‘Joe, you have no right to be alive. Give yourself fully to me’

Joe’s story | The bullets went straight through my helmet

“I’m 101, and I’ve still got most of my marbles. I’m weak in my body but I can still pray. I have much to be thankful for! The Lord Jesus has become increasingly real to me since I first opened my heart to him at a Scripture Union camp in London when I was 17. Two years later, World War II broke out and I signed up for the British army. I trained at Sandhurst, in England, and I was commissioned as a 2nd Lieutenant in 1940. We were sent out to Peshawar, which is now Pakistan but it was India at the time.

In 1945, I was leading our company in a battle to regain a village in Burma. I’ll never forget it. It was the monsoon. We were moving through pouring rain, on mules, over the hills. The Japanese were trying to escape out of Burma and we were sent to cut them off. On 27th July, there was a battle. Snipers were firing. Eventually the Japs withdrew … and we walked back through the village. It was about 12 hours afterwards that I took my steel helmet off and I felt a small scratch on the top of my head. I pulled the rubber and leather out of my helmet and I saw two holes straight through it. Two bullets had gone through my helmet and a third bullet had ricocheted off it.

There was no booming voice from heaven, but it came into my mind: “Joe, you have no right to be alive. Give your life fully to me.”

Since the time I’d trusted Jesus at age 17, I’d always tried to read my Bible, but it was hard in the army. I’d backslidden a bit. I’d mostly prayed to the Lord to stay alive. But the Lord graciously held on to me – until that battle in Burma. The bullets through my helmet felt like a wake-up call.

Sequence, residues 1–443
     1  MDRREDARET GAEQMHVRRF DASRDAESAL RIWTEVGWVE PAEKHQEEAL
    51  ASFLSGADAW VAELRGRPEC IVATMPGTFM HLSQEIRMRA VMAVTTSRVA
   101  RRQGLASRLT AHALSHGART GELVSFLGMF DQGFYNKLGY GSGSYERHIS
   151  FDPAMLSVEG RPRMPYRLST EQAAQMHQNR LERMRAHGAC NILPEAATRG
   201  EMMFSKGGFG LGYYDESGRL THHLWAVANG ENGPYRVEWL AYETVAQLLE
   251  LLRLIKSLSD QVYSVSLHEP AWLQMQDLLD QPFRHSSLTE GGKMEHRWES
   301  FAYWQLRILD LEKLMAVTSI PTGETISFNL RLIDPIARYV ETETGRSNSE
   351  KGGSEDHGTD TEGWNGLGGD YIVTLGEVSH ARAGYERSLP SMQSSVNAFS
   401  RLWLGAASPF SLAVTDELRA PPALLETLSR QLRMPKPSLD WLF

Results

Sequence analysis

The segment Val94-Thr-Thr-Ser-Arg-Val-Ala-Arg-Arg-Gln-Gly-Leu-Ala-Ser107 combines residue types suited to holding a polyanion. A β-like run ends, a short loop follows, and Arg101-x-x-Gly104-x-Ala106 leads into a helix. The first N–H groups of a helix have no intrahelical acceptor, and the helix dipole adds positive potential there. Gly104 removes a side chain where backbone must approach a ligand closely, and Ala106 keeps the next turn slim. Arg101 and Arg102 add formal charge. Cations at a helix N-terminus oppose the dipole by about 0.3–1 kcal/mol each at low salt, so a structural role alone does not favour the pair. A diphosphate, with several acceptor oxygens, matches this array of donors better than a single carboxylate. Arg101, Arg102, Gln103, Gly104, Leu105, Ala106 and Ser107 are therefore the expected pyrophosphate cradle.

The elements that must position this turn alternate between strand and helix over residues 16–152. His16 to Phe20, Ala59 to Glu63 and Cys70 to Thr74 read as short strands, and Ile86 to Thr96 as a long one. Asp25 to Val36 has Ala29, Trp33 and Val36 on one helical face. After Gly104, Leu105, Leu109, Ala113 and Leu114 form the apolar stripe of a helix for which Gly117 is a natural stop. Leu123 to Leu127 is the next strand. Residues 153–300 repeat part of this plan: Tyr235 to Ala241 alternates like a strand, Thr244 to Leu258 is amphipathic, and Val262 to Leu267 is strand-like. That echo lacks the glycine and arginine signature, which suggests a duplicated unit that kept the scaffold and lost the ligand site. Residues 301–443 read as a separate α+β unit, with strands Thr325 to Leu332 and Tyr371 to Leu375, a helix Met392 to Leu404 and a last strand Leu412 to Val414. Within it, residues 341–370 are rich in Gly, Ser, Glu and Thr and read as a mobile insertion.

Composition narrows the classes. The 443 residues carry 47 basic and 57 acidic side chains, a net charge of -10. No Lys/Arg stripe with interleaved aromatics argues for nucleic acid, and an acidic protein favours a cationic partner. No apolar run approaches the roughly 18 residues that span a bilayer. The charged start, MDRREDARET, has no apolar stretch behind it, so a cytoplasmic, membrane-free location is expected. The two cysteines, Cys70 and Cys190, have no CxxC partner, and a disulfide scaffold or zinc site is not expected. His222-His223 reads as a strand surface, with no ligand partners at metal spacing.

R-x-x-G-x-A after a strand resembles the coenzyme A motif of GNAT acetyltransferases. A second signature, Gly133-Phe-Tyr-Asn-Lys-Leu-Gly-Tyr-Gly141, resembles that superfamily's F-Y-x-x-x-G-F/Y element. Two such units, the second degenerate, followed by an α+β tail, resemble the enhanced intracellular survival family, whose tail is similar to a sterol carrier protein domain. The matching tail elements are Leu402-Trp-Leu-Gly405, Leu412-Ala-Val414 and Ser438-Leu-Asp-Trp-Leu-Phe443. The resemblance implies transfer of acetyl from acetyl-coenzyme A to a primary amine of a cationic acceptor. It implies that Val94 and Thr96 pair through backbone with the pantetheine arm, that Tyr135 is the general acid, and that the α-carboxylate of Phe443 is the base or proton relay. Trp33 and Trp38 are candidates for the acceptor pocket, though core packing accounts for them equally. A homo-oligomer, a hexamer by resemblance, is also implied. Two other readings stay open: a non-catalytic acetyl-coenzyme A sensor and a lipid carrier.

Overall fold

Afterwards, I lay in hospital for eight weeks. We’d been sloshing through paddy fields and my legs had gone septic. They took eight weeks to heal. But I believe it was part of God’s plan. Lying there in the hospital gave me time to rethink my life and my faith. The Lord had graciously saved me for a purpose. What did he want me to do?

After I got out of hospital, I went back to England and I graduated with a theology degree from Oxford, by God’s mercy. I was never a great student. After two years serving as a curate in London, I responded to God’s call to serve him in India. I knew about the needs in South East Asia because of my time there in the war. I worked with Scripture Union there for ten years and it was a great opportunity for the Gospel. During that time, I met my wife, Edith. She was teaching at a Bible school in India. We married in India and we had six children. We stayed there 22 years. I remember the Evangelical Fellowship of India conferences. I was greatly encouraged and challenged.

Then in July 1974, we immigrated to Canberra, with our six children in tow. God very graciously led us here. I began serving in a Canberra parish, and later in the wider region. Today, I thank God that the Lord Jesus has become increasingly real to me, over all these years, even in this retirement village, in lockdown. I still seek to be a witness, as best I can, amongst the elderly people here.  This morning, I read Matthew 21 – the lead up to the crucifixion – the wonder of Jesus dying for us, and for the sins of the whole world! And I can pray. It’s the one thing we can do, as we get older. I can pray for the world, for Iran and Afghanistan, and for my family. “Keep me true, Lord Jesus!” I’ve got 22 grandchildren and 23 great-grandchildren now, and I pray that they all know Jesus and follow his plans for them. I also have a nice room with a view. I have much to be thankful for!”

“‘Come, follow me,’ Jesus said, ‘and I will send you out to fish for people.’” (Matthew 4:19)

Joe’s story is part of Eternity’s Faith Stories series, compiled by Naomi Reed. Click here for more Faith Stories.

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